Taglines: Tonight is what it means to be young.
In an unnamed city in a time period that resembles the 1950s (referred to within the film as ‘another time, another place’), Ellen Aim (Diane Lane), lead singer of Ellen Aim and The Attackers, has returned home to give a concert. The Bombers, a biker gang, led by Raven Shaddock (Willem Dafoe), kidnap Ellen.
Witnessing this is Reva Cody (Deborah Van Valkenburgh), who hires her brother Tom (Michael Paré), an ex-soldier and Ellen’s ex-boyfriend, to rescue her. Tom returns and checks out the local tavern, the Blackhawk. He is annoyed by a tomboyish ex-soldier named McCoy (Amy Madigan), a mechanic who “could drive anything” and who is good with her fists. They leave the bar and later Tom hires McCoy to be his driver. That night, Tom and Reva plan to rescue Ellen; Reva contacts Billy Fish (Rick Moranis), Ellen’s manager and current boyfriend.
While Reva and McCoy go to a diner to wait for Billy, Tom acquires a cache of weapons, including a pump action shotgun, a revolver, and a lever action rifle. Tom and Billy meet at the diner and Tom agrees to the rescue for $10,000, and that Billy goes with Tom back into “the Battery” to get Ellen.
In the Battery, they visit Torchie’s, where Billy used to book bands. They wait until nightfall under an overpass, watching bikers come and go. Raven has Ellen tied up in an upstairs bedroom. As Tom, Billy, and McCoy approach, Tom directs Billy to get the car and be out front in fifteen minutes.
McCoy enters and is stopped by one of the “Bombers”. McCoy, pretending to like him, follows him to his special “party room,” close to where Raven is playing poker. McCoy knocks him out. Tom finds a window and, as a distraction, starts shooting the gas tanks on the gang’s motorcycles; he then reaches Ellen’s room, cuts her free and, with McCoy’s help, escapes just as Billy arrives at the front door.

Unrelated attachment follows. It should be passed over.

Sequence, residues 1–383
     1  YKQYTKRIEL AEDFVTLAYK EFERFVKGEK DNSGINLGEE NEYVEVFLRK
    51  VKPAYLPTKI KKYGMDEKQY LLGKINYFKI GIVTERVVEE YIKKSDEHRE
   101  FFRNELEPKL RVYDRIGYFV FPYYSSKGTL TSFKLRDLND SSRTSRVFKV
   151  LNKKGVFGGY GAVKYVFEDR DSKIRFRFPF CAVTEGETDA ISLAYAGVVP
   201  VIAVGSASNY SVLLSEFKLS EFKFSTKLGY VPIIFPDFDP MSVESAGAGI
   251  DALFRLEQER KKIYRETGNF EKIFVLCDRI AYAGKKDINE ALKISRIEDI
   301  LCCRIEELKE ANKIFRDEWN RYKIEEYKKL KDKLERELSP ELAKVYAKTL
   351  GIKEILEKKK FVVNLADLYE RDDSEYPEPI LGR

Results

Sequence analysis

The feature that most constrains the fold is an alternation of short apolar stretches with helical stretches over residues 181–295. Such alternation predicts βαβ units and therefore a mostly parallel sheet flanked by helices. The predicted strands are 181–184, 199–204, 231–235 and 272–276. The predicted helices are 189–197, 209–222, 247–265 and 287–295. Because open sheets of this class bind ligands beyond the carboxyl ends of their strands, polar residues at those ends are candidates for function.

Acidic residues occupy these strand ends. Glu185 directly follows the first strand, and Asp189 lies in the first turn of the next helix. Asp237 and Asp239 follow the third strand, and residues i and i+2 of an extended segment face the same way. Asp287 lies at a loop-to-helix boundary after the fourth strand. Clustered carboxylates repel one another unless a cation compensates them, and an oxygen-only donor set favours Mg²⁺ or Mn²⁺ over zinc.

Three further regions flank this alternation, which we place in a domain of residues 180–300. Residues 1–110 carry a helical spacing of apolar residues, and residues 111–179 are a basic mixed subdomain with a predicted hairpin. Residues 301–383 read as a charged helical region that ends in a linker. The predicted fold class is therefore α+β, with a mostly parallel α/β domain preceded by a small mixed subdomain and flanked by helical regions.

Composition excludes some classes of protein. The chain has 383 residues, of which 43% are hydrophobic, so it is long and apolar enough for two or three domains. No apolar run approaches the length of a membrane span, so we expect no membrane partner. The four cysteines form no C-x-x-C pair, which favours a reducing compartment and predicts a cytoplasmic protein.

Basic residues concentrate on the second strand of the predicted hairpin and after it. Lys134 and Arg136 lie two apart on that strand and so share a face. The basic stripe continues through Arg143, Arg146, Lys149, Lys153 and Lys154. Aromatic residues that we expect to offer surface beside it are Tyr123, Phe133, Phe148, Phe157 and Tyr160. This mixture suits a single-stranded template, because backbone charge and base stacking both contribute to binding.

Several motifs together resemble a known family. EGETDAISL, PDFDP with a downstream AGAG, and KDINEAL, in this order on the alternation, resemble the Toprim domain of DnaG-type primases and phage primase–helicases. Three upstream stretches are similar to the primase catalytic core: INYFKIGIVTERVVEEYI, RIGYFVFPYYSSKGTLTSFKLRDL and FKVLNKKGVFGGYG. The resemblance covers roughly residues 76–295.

Riding in the convertible, Tom sends his crew off to meet at the Grant Street Overpass,and leaves to blow up the gas pumps outside a bar. Raven appears out of the flames and chaos to confront Tom. After learning who he is, Raven warns he will be back for Ellen and for him, too. Tom escapes on the one intact motorcycle. Billy is persuading Ellen the only reason her ex-boyfriend rescued her was for money. Tom returns as McCoy explains to Billy that Tom used to be Ellen’s boyfriend.
Streets of Fire is a 1984 film directed by Walter Hill and co-written by Hill and Larry Gross. It is described in its opening credits and posters as “A Rock & Roll Fable”. The film is a mix of musical, action, neo-noir, drama, and comedy, with elements of retro-1950s and 1980s. It stars Michael Paré as a soldier of fortune who returns home to rescue his ex-girlfriend (Diane Lane) who has been kidnapped by the leader of a biker gang (Willem Dafoe).
Some of the film was shot on the backlot of Universal Studios in California, on two large sets covered in a tarp 1,240 feet long by 220 feet wide, so that night scenes could be filmed during the day. The film grossed US$8 million in North America, against a production budget of $14.5 million.
Streets of Fire (1984)
Directed by: Walter Hill
Starring: Michael Paré, Diane Lane, Rick Moranis, Amy Madigan, Willem Dafoe, Deborah Van Valkenburgh, Richard Lawson, Elizabeth Daily
Screenplay by: Walter Hill, Larry Gross
Production Design by: John Vallone
Cinematography by: Andrew Laszlo
Film Editing by: James Coblentz, Freeman A. Davies, Michael Ripps
Costume Design by: Marilyn Vance
Set Decoration by: Richard C. Goddard
Art Direction by: James Allen
Music by: Ry Cooder
Distributed by: Universal Pictures
Release Date: June 1, 1984